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Cougars & Mustangs 

Students have different abilities to learn any one thing and different knacks for learning that thing versus learning another thing. What can come naturally for one person can be an immense struggle for someone else, and there’s really no shame in that. Hopefully, this is something that anyone reading this column has already learned on his or her educational journey, but it doesn’t hurt to hear it reiterated. 

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However, knowing an area in which you struggle and knowing how to rectify said struggle do not go hand in hand. There are a wide variety of tools designed to help different minds, and Cougars & Mustangs is pleased to tell you today about a new one. Cal Poly’s Academy of Inquiry Based Learning will lead an effort to increase active learning in college classes across the nation, with research support from the University of Colorado, Boulder’s Evaluation and Ethnography Research Unit. This is made possible by an incredible grant of $3 million from the National Science Foundation. Inquiry-based learning, also known as active learning, is a method of teaching math class that differs from a more traditional take on it. The class is built around the students and their active participation in the class lessons. By focusing on each student exploring mathematical strategies and skills, asking questions, understanding method rather than just seeking direct answers, any student can have a greater chance of taking away the process of the math rather than just the equation.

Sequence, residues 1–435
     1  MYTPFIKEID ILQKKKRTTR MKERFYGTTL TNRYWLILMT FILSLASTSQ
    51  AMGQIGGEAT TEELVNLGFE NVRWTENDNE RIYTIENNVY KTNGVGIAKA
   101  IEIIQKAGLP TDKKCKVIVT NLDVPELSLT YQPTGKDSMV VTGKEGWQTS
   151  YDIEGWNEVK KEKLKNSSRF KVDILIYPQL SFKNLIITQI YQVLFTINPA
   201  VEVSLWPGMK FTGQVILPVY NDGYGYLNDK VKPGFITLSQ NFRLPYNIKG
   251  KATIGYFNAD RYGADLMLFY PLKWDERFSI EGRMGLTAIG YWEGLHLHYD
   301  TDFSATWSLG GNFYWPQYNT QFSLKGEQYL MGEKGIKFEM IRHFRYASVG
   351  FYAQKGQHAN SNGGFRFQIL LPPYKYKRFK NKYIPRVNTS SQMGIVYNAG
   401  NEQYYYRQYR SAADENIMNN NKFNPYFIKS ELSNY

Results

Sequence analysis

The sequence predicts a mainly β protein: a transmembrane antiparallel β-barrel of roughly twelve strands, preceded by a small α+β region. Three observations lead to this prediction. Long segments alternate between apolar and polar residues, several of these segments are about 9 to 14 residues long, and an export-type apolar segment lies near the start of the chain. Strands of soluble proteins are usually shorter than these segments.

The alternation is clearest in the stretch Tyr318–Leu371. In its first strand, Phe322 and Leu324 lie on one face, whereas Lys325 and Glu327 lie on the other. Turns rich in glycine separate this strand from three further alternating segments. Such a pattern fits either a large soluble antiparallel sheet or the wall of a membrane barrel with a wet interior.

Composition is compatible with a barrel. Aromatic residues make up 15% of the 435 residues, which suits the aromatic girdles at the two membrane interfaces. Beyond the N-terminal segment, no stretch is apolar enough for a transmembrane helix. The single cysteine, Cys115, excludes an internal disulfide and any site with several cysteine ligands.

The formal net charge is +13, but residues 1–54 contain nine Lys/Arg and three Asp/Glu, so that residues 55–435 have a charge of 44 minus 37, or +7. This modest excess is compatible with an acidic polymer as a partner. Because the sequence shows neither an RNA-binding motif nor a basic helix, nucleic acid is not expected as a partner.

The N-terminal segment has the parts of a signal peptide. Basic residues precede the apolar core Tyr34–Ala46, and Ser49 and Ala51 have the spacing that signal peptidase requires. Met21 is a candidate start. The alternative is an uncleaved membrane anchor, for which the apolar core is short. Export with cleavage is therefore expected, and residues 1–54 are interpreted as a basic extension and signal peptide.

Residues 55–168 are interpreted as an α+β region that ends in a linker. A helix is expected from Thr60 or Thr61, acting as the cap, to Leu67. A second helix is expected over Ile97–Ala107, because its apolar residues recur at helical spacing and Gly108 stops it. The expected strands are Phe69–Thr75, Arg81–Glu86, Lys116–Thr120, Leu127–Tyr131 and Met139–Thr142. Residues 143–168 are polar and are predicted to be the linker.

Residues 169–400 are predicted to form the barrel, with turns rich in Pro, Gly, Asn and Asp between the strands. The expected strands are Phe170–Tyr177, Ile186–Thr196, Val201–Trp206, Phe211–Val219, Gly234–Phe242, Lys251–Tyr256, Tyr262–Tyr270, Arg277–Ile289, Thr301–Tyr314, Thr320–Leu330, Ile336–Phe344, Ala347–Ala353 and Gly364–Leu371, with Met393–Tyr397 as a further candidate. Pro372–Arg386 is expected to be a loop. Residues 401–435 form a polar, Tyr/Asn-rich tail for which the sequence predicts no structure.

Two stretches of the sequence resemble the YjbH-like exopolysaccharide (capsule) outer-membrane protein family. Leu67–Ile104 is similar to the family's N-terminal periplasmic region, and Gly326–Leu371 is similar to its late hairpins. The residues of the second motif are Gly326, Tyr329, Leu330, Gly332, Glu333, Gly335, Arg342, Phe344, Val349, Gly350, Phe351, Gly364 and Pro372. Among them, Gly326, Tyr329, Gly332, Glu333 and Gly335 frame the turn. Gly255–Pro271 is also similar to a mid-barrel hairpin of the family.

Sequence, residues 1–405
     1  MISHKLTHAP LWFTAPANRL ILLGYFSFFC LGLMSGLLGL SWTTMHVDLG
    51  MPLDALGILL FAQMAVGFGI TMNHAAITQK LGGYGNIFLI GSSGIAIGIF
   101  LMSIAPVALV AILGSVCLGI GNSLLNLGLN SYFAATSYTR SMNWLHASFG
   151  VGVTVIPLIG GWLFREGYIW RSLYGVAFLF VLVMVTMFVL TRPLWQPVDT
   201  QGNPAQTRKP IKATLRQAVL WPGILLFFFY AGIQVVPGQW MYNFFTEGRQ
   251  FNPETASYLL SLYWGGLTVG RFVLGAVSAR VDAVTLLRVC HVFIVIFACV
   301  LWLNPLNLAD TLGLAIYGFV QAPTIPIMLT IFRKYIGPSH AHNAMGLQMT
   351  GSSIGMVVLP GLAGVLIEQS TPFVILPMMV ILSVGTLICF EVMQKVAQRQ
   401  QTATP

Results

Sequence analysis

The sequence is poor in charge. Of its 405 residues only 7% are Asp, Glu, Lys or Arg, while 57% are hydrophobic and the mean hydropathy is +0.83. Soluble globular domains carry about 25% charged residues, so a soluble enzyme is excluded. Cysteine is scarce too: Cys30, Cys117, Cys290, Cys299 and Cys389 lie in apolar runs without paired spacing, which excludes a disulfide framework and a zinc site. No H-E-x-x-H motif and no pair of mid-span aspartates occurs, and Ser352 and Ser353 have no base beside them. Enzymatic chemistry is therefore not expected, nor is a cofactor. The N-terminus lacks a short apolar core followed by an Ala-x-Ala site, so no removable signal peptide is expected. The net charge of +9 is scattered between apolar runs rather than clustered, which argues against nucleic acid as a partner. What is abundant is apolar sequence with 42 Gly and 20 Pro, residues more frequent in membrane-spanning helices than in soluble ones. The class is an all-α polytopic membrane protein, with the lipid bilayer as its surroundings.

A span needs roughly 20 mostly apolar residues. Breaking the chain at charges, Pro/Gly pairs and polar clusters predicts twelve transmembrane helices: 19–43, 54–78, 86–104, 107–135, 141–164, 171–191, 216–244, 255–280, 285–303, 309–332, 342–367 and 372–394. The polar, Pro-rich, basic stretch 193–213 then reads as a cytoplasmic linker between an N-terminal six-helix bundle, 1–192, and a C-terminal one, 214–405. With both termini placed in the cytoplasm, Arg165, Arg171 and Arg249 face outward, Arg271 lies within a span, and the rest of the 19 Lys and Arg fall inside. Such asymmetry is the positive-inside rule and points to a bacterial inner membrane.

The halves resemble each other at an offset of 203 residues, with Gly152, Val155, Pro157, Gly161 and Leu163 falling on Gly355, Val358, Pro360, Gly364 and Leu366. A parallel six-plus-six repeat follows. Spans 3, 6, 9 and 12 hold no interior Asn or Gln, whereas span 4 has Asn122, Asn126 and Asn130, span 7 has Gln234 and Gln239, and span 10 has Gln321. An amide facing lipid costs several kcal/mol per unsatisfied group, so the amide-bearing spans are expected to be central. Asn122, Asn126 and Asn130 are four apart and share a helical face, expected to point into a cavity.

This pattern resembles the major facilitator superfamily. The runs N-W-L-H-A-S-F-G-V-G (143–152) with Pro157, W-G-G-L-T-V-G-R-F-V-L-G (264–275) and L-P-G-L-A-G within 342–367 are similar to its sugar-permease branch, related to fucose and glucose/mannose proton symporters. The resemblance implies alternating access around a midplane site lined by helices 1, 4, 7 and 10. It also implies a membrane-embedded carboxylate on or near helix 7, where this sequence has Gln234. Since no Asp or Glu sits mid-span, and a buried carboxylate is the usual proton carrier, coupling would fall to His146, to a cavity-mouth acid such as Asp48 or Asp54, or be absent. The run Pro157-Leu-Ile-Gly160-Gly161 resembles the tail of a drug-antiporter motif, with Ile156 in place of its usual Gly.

The goal of a lesson moves away from memorization toward putting a concept into practice. As students may have his or her own unique struggles with a concept, this approach to teaching requires an ability to adapt a lesson to whatever new challenge may arise, perhaps leading to a different take on the same lesson between two separate classes. As Stan Yoshinobu, director of Cal Poly’s Academy of Inquiry Based Learning (and one of the project’s leaders) put it, “You need to actively engage students so that they construct their own understanding and ask their own questions, so they become better thinkers. This approach is confirmed by brain research and how people learn.” Active learning benefits all student groups equally, breaking down social divides that may influence how often students choose to participate in a classroom. The grant aims to increase dramatically the number of workshops and workshop leaders available to teach this new approach to education.

Contributor Chris White-Sanborn struggles with heavy equations, but she sometimes solves algebra problems just for fun. Send your collegiate news to

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